Sunday Homily & Bulletin
Homily and Bulletin
First Sunday in
And a Lenten message from Bishop McManus
Readings for Sunday, February 21st
If you haven’t read or heard the scripture readings for this First Sunday of Lent please do so first, especially the Gospel, and then return here for the thoughts that follow.
Seeing so many hundreds of parishioners here on Ash Wednesday, as we began Lent, was a real sign of hope going forward. If you were able to be with us...thanks.
The first Sunday of this holy season always begins with the temptations of Jesus in the desert.
Today, we hear St. Mark’s account, the shortest. It doesn’t give the conversation between Jesus and Satan that Matthew and Luke do. But we know the Lord was victorious.
Jesus was tempted by Satan to put his trust in three things other than God.
- Food and the pleasures of the body
- And worldly power
These were the three areas of life where Israel failed twelve hundred years earlier when they wandered in the desert - three areas where they were “tested.”
Israel kept forgetting how faithful God was and they lunged after bodily pleasure, reputation and power. Now, Satan tempts Jesus on the same.
He resists and is triumphant.
Jesus shows that his personal pleasure - eating, drinking and human sensuality - will not be the center of his life.
Being known as greater than others - exalting his reputation - will not be at the heart of his life.
Controlling others - having power over others - will not be that for which he lives.
In light of this Gospel we should explore the same this Lent.
Are bodily pleasures, my reputation and my use of power things which dominate my life?
Or we can look at this by asking ourselves some basic questions:
What am I seeking?
What do I make the center of my life?
And is God at the center of my heart?
Jesus is victorious because he makes the love of God central to his life.
He now moves out of the desert and begins to preach and his first words are: “Repent and believe in the Gospel.”
It’s interesting that his words come at the very
of his 40 days of fasting and prayer in the desert and we hear them at the very
of our 40 days of prayer and fasting.
“Repent” is an interesting word. In Greek it’s
. It means:
change how you think
What Jesus meant was “change how you think about yourself. About others. About God.”
Lent is that time to embrace a new way of thinking. New thinking about your life. New thinking about your marriage. New thinking about your spouse, your kids, your parents, your friends, your values, your actions.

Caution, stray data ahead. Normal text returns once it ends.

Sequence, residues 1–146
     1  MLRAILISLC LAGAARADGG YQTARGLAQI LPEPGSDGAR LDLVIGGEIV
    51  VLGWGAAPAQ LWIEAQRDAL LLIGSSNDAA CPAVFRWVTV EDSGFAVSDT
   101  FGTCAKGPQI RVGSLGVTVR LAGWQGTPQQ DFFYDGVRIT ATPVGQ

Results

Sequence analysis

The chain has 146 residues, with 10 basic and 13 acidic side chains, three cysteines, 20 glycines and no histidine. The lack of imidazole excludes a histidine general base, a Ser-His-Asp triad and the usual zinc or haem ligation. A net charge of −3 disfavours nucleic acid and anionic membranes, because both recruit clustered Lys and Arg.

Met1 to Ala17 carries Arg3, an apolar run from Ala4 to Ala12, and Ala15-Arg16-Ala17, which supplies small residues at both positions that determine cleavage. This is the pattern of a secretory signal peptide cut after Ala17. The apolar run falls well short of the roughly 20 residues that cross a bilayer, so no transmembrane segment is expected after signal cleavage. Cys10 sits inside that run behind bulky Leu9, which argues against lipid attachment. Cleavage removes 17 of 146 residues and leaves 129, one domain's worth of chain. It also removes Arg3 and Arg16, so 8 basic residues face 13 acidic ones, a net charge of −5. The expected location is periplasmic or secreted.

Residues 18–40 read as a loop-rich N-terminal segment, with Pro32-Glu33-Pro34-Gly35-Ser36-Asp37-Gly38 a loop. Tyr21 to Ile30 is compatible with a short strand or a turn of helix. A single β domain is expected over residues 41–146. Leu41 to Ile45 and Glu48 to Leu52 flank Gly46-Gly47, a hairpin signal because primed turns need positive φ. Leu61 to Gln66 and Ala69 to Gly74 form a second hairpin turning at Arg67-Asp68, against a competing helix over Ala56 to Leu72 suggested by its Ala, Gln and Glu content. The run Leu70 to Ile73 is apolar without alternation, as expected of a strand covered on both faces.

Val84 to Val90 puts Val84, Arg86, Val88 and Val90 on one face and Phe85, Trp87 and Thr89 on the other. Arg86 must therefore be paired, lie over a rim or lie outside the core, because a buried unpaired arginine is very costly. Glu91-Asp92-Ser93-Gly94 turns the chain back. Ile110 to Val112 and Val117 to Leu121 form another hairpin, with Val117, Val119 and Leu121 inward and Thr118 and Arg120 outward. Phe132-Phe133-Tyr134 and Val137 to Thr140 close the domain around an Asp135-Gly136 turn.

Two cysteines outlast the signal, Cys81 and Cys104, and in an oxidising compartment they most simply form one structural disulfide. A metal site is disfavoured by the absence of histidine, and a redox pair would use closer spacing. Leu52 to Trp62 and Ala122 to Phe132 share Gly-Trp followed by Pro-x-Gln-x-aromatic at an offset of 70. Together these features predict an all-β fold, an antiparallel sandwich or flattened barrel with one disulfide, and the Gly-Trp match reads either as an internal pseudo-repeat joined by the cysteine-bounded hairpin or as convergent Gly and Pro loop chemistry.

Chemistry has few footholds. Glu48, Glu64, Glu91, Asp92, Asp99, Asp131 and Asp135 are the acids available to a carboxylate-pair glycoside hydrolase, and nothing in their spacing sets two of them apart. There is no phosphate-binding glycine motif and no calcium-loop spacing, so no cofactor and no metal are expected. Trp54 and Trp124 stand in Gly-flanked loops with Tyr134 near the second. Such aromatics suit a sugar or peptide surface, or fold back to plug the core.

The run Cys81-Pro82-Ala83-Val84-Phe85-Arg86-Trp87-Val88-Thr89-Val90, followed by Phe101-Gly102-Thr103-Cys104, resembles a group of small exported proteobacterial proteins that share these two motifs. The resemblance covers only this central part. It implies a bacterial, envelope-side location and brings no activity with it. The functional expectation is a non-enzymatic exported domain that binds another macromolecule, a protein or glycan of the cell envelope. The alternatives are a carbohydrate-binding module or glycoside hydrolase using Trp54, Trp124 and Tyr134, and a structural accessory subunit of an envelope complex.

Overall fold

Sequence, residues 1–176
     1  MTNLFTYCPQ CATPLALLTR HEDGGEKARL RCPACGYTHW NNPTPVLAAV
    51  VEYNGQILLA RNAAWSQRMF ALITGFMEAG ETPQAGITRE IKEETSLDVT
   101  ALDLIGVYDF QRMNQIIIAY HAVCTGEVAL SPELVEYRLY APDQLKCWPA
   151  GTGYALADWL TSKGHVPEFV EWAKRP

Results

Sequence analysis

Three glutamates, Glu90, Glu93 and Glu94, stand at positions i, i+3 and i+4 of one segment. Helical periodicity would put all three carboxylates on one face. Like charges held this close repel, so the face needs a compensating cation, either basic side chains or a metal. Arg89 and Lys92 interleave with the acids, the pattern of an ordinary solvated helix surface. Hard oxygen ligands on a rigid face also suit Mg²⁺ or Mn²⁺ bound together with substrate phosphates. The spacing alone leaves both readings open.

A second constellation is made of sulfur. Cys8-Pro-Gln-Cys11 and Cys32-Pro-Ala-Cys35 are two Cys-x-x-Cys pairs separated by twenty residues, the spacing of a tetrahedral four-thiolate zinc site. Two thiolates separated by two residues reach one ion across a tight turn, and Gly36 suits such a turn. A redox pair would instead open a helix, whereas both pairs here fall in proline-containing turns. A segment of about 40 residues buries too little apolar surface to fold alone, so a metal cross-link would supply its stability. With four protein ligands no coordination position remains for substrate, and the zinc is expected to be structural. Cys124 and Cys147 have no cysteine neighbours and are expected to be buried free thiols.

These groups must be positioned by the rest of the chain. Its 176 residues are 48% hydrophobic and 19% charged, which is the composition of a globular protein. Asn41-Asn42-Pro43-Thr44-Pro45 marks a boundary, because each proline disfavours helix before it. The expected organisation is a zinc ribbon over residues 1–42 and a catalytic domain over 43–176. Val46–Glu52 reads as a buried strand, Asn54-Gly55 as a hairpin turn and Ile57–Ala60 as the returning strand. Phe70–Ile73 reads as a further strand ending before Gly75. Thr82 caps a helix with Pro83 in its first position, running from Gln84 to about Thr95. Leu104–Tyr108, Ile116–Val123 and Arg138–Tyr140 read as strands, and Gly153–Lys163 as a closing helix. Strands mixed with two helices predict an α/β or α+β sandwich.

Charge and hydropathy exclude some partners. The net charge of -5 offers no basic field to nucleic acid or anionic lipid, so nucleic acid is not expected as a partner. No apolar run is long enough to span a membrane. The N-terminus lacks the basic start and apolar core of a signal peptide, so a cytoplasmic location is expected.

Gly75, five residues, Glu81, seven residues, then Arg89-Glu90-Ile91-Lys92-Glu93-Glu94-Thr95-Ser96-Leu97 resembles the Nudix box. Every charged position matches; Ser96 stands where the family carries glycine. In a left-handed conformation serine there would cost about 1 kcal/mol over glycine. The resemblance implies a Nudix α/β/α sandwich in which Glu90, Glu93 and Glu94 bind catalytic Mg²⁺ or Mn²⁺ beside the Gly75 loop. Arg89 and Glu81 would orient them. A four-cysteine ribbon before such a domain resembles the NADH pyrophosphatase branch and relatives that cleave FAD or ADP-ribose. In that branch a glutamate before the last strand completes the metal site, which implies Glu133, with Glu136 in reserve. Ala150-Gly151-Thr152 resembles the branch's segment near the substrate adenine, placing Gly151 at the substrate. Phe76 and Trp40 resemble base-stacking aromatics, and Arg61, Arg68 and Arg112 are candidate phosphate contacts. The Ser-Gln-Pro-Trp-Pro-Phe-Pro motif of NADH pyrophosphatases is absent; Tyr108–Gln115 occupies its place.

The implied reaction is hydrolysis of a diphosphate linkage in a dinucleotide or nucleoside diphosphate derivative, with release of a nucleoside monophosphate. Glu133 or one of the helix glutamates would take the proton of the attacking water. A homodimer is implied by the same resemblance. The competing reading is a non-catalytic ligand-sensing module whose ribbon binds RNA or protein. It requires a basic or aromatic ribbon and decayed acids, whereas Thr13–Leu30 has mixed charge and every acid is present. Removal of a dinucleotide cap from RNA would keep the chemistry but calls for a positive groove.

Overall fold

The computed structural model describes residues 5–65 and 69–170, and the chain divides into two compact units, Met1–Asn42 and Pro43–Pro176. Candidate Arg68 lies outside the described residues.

Re-think where your heart is.
But new thinking isn’t easy. Thinking the same old way is easy. But new thinking isn’t easy for anyone.
Habits are engrained in us. The things we say, the things we do, the things we expect other people to say get locked in. We’re like creatures of habit, aren’t we?
So, new thinking about ourselves or others doesn’t come easy.
And yet, that’s why we have Lent. To re-think. Jesus came into the world and said to those who might listen to him, “Re-think your life.”
Of course, this doesn’t end with the thinking part. It also means taking action, making changes.
some things we
shouldn’t be doing
some things we
shouldn’t be thinking
- especially about others.
doing some things we haven’t been doing
- like helping out more - taking on works of charity - forgiving more - praying more.
Re-thinking should always lead to change.
When we do re-think our lives many of us discover we’re much better about identifying the faults of other people than our own. How easy it is to see the faults of everyone else.
I’ve mentioned before that once in a while -
it doesn’t happen very often
- you’re hearing a confession and the person begins to tell you the faults of others - as a kind of explanation for why they’ve done what they’ve done.
And you have to bend the conversation back to their life.
It’s like being a passenger in a car and the driver is complaining about the driving habits of everyone else. Meanwhile, your heart is in your throat as you swerve from lane to lane and the road signs are going by so fast you can’t read them.
We come to church during Lent to reflect on our own sins and see how we must change. It’s not a season of pointing out the faults of others. If we change how
we’ll change how we act and how we speak.
One way we do that is to reinforce the habit of seeing God in other people - and their need for our love. That changes everything.
In our mind’s eye and in our hearts we need to see Christ as the one who died for our spouses, our parents, our children, our co-workers, and our neighbors.
As we see people in the light of Christ we see them differently.
Late at night we might slip into the bedroom and see our loved ones sleeping - and we might think to ourselves “this person came from God.”
When we do that we think differently.
When we see our parent in a nursing home - and they’re sick - and maybe long ago when we were young they used to frighten us - but now they’re vulnerable - and we think “Dad came from God” - “Mom came from God” - then it’s all different.
Everything takes on a new light when we see Christ in others.
So, Jesus says, “
” at the beginning of Lent. See people differently. And living differently becomes a lot easier.
Homily for February 21st
Bulletin for February 21st
Lenten Letter from Bishop McManus
on Sunday, February 21 at 10:00AM